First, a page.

That said, if you have an external drive that you use for data storage or backup, and one that is far more likely to still be a mechanical hard disk drive, you can and should securely erase it before giving it away or throwing it out.
To do so, plug the external drive into your Mac and connect it to power if necessary. Once it powers up and mounts in Finder, launch Disk Utility (found in the Applications > Utilities folder). In Disk Utility, you should see a list of both your internal and external disks in the sidebar on the left.
Click on the drive you’d like to erase (not any of its indented partitions) and then click the Erase button in the toolbar.
And, uh…in case it needs to be said, be doubly super über sure that you’ve picked the right drive. Because you ain’t getting its stuff back after you do this, so be careful.
Anyway, when you click “Erase,” you’ll get some choices for your drive’s new format, partition scheme, and so on. Unless you’re planning to use the drive for something very specific, what I’ve chosen below will be how you want to roll. Once those options are set, click on the Security Options button at the bottom left. If you don’t see the Security Options button, make sure (1) that you’ve selected the drive itself from the sidebar on the left (and not any of its partitions), and (2) that you’re not working with an SSD or RAID array of any kind.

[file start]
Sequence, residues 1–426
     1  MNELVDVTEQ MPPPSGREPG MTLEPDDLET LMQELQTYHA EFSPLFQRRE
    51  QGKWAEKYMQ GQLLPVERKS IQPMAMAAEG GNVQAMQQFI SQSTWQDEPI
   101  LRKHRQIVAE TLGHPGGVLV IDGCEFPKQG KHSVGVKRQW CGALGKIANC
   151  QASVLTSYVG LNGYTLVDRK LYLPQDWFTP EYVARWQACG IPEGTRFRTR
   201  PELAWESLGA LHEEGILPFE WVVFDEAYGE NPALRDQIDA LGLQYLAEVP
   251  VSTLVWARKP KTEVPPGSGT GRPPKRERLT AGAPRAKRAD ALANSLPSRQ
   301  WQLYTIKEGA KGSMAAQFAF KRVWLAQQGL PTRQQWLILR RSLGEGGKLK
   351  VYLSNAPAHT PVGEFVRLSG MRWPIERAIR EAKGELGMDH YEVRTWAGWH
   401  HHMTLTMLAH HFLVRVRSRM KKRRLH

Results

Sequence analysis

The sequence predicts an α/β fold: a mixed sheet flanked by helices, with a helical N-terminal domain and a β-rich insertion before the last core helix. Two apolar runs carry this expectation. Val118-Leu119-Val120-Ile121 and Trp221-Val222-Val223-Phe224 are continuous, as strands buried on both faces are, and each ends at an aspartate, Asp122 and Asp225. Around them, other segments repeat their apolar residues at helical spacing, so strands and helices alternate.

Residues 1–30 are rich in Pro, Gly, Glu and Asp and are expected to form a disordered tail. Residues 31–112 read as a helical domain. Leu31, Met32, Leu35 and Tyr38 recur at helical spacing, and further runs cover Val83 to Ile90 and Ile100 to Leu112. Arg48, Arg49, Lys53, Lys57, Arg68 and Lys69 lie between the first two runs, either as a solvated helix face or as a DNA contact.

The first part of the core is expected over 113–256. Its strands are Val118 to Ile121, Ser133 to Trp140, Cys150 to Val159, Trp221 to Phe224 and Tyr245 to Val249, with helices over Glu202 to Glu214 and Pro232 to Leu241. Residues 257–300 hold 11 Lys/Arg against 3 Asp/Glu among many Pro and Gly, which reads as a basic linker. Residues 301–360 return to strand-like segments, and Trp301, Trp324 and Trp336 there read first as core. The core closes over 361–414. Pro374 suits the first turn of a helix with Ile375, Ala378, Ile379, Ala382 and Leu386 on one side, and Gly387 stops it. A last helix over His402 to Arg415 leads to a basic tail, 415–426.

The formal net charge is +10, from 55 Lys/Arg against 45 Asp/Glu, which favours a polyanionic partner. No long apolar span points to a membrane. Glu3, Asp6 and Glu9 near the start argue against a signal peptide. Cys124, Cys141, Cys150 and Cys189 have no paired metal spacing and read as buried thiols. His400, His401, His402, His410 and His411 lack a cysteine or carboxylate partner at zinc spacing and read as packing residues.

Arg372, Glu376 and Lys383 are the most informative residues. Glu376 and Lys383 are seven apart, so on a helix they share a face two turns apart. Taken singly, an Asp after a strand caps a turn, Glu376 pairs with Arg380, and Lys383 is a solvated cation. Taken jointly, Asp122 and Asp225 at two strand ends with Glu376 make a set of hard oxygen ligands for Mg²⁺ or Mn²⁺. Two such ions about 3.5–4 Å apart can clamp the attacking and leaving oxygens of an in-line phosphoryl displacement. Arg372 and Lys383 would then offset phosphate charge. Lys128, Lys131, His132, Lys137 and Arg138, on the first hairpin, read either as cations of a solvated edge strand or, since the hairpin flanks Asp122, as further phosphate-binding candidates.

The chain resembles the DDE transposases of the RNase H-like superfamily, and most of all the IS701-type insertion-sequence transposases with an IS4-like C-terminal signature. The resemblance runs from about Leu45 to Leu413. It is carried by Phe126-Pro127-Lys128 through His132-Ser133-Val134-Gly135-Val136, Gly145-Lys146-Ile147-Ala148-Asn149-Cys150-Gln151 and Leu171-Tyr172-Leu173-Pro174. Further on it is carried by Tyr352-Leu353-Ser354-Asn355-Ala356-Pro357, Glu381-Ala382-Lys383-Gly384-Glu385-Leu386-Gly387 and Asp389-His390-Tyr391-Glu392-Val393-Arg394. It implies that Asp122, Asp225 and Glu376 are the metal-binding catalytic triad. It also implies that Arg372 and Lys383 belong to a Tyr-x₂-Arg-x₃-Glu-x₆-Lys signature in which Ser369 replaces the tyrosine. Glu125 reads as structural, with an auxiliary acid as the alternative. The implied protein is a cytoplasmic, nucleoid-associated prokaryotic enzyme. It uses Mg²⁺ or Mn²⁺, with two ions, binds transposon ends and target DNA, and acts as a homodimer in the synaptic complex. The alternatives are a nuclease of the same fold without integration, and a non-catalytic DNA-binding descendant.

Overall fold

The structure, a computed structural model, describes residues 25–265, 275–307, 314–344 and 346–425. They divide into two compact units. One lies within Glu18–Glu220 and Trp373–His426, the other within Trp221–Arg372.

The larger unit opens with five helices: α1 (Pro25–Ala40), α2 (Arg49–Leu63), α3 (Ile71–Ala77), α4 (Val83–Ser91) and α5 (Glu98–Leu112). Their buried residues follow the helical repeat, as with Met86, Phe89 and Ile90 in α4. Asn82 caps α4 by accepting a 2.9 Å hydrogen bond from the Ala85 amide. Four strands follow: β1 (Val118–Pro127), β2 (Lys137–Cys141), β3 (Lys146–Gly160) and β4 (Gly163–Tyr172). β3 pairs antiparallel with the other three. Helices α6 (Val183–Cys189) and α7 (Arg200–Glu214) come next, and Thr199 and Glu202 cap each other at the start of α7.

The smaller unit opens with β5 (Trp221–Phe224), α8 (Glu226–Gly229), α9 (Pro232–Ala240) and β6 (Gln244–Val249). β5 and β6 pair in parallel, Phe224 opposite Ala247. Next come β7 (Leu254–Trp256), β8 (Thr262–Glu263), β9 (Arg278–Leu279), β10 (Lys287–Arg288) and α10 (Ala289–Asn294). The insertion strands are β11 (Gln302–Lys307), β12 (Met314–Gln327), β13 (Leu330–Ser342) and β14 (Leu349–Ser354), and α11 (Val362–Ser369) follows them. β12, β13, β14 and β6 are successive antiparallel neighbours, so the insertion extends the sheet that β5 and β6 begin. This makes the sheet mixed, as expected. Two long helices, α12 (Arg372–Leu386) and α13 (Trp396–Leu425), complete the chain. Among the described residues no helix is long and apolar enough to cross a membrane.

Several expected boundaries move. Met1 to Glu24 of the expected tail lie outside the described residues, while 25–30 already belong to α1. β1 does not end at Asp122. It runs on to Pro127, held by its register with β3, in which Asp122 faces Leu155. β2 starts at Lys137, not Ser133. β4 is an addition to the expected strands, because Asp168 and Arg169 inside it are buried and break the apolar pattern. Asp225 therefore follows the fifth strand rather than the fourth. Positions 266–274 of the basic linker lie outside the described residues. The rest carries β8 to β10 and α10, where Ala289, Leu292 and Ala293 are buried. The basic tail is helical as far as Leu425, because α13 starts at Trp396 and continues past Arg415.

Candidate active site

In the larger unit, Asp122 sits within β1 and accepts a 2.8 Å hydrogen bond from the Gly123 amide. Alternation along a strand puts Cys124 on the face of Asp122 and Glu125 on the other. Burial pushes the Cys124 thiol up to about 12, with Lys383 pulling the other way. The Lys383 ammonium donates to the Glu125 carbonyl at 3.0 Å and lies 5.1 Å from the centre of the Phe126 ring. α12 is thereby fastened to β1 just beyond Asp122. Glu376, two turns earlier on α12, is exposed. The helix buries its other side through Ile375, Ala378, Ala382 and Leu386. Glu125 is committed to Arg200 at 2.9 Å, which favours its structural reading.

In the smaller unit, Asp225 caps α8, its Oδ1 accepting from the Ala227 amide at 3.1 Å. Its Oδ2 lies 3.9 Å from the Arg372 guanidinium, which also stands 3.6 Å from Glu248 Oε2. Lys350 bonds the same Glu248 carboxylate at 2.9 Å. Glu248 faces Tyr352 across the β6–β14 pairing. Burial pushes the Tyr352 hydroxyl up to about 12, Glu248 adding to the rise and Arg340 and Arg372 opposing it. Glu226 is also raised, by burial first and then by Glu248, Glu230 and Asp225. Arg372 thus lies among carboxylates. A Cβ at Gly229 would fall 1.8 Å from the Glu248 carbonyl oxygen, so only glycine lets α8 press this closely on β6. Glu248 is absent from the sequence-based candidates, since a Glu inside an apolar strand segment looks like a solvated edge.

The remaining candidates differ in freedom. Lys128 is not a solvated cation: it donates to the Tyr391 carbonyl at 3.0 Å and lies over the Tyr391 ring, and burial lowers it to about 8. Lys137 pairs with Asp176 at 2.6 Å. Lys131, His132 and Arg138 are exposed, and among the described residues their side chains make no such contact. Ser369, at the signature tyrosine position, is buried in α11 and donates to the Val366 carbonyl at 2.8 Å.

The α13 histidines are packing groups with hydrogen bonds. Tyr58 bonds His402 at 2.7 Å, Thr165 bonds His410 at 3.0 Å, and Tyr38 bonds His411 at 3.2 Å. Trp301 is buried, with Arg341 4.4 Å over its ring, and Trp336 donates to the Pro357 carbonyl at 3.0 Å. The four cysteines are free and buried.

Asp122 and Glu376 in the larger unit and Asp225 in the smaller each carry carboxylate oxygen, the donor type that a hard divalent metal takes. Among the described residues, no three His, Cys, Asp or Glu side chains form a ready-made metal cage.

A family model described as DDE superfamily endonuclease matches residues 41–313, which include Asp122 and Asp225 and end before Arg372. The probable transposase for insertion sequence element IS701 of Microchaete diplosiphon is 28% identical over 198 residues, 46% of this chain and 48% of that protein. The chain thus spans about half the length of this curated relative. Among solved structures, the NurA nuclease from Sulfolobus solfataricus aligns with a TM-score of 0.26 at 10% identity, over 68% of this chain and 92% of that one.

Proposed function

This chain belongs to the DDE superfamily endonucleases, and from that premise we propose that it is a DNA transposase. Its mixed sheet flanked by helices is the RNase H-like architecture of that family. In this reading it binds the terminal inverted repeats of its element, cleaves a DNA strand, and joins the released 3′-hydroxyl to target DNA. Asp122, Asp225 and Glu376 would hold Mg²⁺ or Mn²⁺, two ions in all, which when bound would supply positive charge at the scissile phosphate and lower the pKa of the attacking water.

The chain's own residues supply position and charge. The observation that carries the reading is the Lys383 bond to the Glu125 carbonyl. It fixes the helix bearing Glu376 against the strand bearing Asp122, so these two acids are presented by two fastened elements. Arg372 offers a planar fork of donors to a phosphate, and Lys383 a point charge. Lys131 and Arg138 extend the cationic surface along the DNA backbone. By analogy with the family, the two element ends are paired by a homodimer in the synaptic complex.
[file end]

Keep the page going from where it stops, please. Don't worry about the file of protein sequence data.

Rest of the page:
Under “Security Options” is a slider for overwriting the drive securely. “Fastest” writes a single pass of zeros over the entire disk and while it is indeed the fastest method as its name implies, it’s not very secure and the data may still be easily recoverable by someone who knows what they’re doing. For most users, moving the slider one tick to the right, which represents a two-pass cycle, is the best balance of speed and security. As mentioned earlier, if your drive contains data from certain sensitive industries, check with you IT department for the minimum level you’ll need to use to remain compliant with data protection policies.